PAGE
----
Portuguese Irregular Verbs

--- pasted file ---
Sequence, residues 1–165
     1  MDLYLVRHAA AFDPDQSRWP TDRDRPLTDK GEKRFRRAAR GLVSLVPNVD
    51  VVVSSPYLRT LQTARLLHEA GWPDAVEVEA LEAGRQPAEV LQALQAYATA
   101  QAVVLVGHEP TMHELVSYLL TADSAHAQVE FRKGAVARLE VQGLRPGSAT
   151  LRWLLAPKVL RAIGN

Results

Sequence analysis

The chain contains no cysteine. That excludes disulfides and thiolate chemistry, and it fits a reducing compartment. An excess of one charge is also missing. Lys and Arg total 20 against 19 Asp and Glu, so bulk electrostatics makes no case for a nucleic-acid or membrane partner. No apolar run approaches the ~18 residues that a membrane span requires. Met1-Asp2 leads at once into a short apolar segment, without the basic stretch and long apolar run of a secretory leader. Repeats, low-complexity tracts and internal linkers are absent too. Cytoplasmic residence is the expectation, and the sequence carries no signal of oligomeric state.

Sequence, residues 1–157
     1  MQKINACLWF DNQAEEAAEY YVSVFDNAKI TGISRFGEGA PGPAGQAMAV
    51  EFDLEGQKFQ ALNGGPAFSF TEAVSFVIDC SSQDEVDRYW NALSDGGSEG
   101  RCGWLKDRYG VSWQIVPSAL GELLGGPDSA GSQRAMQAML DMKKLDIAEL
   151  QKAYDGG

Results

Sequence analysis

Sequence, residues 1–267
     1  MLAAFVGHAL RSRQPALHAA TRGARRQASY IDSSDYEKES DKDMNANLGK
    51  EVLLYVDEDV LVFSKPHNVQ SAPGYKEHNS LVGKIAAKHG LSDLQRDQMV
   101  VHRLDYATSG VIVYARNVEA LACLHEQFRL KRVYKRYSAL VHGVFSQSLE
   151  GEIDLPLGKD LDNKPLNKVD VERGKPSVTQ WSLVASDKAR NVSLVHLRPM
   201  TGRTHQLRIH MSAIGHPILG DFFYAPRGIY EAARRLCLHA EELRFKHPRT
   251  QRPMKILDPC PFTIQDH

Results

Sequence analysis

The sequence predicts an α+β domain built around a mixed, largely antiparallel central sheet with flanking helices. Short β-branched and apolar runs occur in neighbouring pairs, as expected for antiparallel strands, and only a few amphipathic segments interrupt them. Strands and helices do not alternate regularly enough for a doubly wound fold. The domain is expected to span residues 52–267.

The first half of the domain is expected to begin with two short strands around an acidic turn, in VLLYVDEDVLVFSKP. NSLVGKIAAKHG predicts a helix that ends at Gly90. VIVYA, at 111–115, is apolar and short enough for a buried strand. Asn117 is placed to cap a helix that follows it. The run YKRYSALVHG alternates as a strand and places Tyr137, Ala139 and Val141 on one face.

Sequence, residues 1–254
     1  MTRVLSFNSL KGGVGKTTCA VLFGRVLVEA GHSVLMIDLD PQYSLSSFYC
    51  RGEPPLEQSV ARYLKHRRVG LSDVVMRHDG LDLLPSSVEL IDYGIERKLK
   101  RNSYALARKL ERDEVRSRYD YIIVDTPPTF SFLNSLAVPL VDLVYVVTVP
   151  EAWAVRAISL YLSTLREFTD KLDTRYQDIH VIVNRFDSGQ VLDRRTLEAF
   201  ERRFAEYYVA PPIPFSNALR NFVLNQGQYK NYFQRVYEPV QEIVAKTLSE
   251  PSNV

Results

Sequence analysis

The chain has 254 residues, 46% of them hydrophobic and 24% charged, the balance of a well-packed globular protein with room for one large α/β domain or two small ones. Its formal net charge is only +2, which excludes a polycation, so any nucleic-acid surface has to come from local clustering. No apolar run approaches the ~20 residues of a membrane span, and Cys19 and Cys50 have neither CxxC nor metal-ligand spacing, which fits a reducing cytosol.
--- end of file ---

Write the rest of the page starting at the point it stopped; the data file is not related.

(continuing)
A recent U.S. release, Portuguese Irregular Verbs is an early work (originally a self-published cult hit) of Scottish fiction writer Alexander McCall Smith (The No. 1 Ladies’ Detective Agency). Despite its name, it is not a language book, but rather a collection of funny short stories. The stories chronicle dryly the adventures of Professor Dr. Moritz-Maria von Igelfeld—whose life’s pride is his acclaimed-but-obscure language book entitled Portuguese Irregular Verbs—and his two fellow German academics, Prinzel and Unterholzer, as they blunder in their over-educated, somewhat arrogant way through Europe. “The Principles of Tennis” finds the trio hilariously attempting to play tennis, and then to swim, at their hotel with no prior experience whatsoever, thinking that they can do these things merely because they have studied the theory behind each one. In “Holy Man,” von Igelfeld agonizes over a letter he has just thrown, unopened, into the trash: “Would Kant have thrown Professor J. G. K. L. Singh’s letter into his wastepaper basket? Von Igelfeld doubted it: the matter was clearly embraced by the Categorical Imperative.”